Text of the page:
Billy Stepp, well known sports editor of the Portland News, went to Pasadena, California, with the Portland baseball team. While in the sunny south Billy visited all of the coast league training camps and sent the News a daily report on how the teams looked in spring training.

Ralph Morrison, who joined the staff of the Oregonian last September to cover the railroad and financial beats. recently resigned to enter the investment department of the Portland Railway, Light and Power company.

Paul Moeckli, veteran office boy of the Portland News, was confined to his bed for about a week during February with the flu. Believe it or not, Paul was the most welcomed of any of the News staff back to work.

Carl S. Miller, who covers the federal beat for the Portland News, spent two days at McNeils Island visiting the institution. Miller said that he will never do anything so that he will have to stay there any longer.

O. C. Leiter, widely known newspaper man, is the new managing editor of the Portland Telegram. Mr. Leiter was formerly city editor of the Oregonian, later conducted the La Grande Observer, going from there to New York to be an associate editor of the Tribune. Returning to Portland, he soon re-entered active news paper work as Northwest news editor of the Telegram, and has been managing editor for several weeks. Mr. Leiter succeeds Capt. W. T. Stott, who has gone to the San Francisco Examiner.

The Enterprise Record Chieftain has sold its second linotype, a model ten, and has ordered a model eight to take its place. The shop has added a stereotyping outfit to its plant. W. L. Flower has been shifted to outside work and is now advertising solicitor and reporter. G. E. Odle, foreman of the shop, was installed the first of the year as master of the Enterprise Masonic lodge. Miss Snow V. Heaton, assistant editor, is secretary of the Eastern Star chapter.

E. H. Hendryx. editor of the Baker Herald, is away with a party in the mountains of Grant county hunting deer with a movie camera. During the past year Hendryx has visited nearly every community in the Herald's field in order to keep up to date with the wishes of the outside people.

The Baker Democrat is running an interesting series under the heading "This May Remind You," articles on the history of the Baker country. Some good stuff is being developed on early days.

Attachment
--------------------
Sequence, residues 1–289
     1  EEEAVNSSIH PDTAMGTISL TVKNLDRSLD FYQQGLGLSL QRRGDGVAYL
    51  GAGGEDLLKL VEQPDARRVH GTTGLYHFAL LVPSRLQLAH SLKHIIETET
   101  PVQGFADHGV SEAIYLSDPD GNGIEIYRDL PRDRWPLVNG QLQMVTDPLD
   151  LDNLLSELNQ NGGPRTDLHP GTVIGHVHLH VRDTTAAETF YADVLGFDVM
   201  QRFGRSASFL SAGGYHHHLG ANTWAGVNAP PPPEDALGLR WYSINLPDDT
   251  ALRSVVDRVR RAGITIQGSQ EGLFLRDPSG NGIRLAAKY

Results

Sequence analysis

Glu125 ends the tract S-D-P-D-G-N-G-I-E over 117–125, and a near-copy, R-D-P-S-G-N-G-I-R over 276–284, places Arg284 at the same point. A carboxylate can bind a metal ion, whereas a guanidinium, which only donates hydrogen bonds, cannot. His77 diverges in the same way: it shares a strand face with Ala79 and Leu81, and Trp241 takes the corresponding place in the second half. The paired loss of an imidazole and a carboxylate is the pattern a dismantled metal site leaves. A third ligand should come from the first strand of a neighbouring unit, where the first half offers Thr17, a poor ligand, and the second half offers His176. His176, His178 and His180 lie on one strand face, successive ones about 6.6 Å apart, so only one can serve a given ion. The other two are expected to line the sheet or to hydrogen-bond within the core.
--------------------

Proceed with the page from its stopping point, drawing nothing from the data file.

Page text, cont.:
Herman F. Edwards has returned to his home in Cottage Grove from Marshfield, where he was for two months telegraph editor of the Marshfleld News.

The Joseph Herald expects to put in a linotype machine shortly. Editor O. G. Crawford looks to have the company erect it almost any day.

If you noticed an improvement in the local news of the Oregonian, beginning March 17, it may have been because Clark Williams resumed his place on the local staff the day before, after having been absent on various publicity jobs for several months. Clark assisted in the city publicity campaign for the 1925 exposition committee last winter and later directed the newspaper publicity for the Portland community chest, which he completed the day prior to taking up his duties as a general assignment man.

E. D. Alexander, who more than twenty years ago came to Stayton from Iowa, and bought the Stayton Mail, is again connected with that paper. His daughter. Mrs. Frances Parry, has been conducting it since October 1, 1921. Mr. Alexander has been postmaster in Stayton the past five and a half years, but being a democrat, was deposed by the present administration. The Mail has recently added a Model L linotype. The new firm name is Alexander & Parry.

Fred M. White, who has been marine editor of the Oregonian since his return from France, where he went as a member of Base Hospital No. 46, resigned from the local staff March 7 and became editor of Commerce,"house organ of the Portland Chamber of Commerce. He also has the title of assistant membership secretary. He has already improved the style and contents of Commerce.

Melvin Hall, of Portland, is the new telegraph editor of the Pendleton East Oregonian. Mr. Hall studied journalism at Oregon Agricultural College and is a member of Sigma Delta Chi, journalistic fraternity. He was accompanied to Pendleton by Mrs. Hall.

The Pendleton East Oregonian has added to its departments a weekly automobile section, made necessary by the opening of the annual spring drive conducted by auto dealers.

B. F. Irvine, editor of the Oregon Journal, recently said no to a large number of requests, including a petition bearing several thousand names, asking that he enter the race for governor. In declining, Mr. Irvine pointed out that he regarded his opportunity for service to his state as greater in his present position than it would be as governor. In part Mr. Irvine said: “Many good causes to which the institution with which I am associated is dedicated, are yet far from accomplishment. In that view, I am fully convinced; after mature reflection, that I can serve my state and my fellow citizens better as editor of the Oregon Journal than I could as governor of Oregon.”